Nashville, Tennessee is often called Music City and The Home of Country Music – but when did it start? How did it get its reputation?
From the Grand Ole Opry.
Though folk music and, thus, country music is an intrinsic part of Nashville’s history, its rise on the national scene as the home of country music likely started with WSM Radio.
In 1925 WSM’s weekly Saturday night program, the WSM Barn Dance, is what later became the Grand Ole Opry, a reference by the program’s host to the grand opera program that preceded the Barn Dance.
Then the radio segment was aired on national television. In 1939 it debuted nationally on NBC, securing its place in country music history and significantly growing America’s interest in country music.
As it grew in popularity, so did Nashville, slowly becoming the Country Music Capital that it is considered today. Established as a live stage show in 1941, the Opry presented the best in folk, gospel, bluegrass and country music, featuring popular artists such as Roy Acuff, considered the King of Country Music.
The Opry outgrew many venues, changing homes often, and on June 5, 1943, the show moved to the Ryman Auditorium, its most notable home, where it stayed until 1974 when the seating could no longer accommodate demand.
Today the Grand Ole Opry has been moved to its very own Grand Ole Opry House, a 4,000-seat theater that hosts the biggest stars in country music.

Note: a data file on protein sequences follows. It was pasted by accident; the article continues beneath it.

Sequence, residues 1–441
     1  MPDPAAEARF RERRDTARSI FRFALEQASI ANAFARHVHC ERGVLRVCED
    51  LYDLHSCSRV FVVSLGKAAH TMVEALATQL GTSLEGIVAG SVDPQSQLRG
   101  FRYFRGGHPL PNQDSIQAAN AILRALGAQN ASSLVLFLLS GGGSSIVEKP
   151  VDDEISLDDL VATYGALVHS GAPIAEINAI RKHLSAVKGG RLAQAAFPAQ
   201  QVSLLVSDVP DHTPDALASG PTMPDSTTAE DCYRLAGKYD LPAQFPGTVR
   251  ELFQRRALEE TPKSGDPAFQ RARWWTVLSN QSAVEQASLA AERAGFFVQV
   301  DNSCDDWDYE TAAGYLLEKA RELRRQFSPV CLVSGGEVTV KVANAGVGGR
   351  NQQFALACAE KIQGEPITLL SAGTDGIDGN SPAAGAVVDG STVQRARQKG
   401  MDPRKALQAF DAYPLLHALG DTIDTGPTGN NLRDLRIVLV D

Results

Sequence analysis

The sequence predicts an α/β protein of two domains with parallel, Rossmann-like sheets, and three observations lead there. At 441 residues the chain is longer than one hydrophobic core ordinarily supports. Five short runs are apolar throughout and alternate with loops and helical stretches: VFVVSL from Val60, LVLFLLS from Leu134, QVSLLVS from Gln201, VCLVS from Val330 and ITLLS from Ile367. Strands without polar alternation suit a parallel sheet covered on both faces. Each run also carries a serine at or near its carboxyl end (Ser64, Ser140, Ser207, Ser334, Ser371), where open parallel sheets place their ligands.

To become a member of the Grand Ole Opry is to become an elite artist in country music and is considered a type of hall of fame. That said, many of the artists live in Nashville and often drive themselves to the show, parking in back and entering to one of the many dressing rooms they might be assigned. Members are expected to frequently attend the Opry and actually have a required amount of shows they must perform on the famed stage.
The Opry’s current slogan is “The Show that Made Country Music Famous,” though it has also been called the “Home of American Music” and “Country’s Most Famous Stage.”
To preserve the history of the show, a large round circle of the original floor in Ryman’s was cut out and set in place in the new Grand Ole Opry house, connecting those who stand in the circle today to the top country stars of the past.
The Grand Ole Opry House is well-worth a visit. Even those who aren’t fans of country music can appreciate the significance and lineage of country music’s main base. One of the longest-running radio broadcasts in America, the Grand Ole Opry is a present-day glimpse into country music history. Tune in!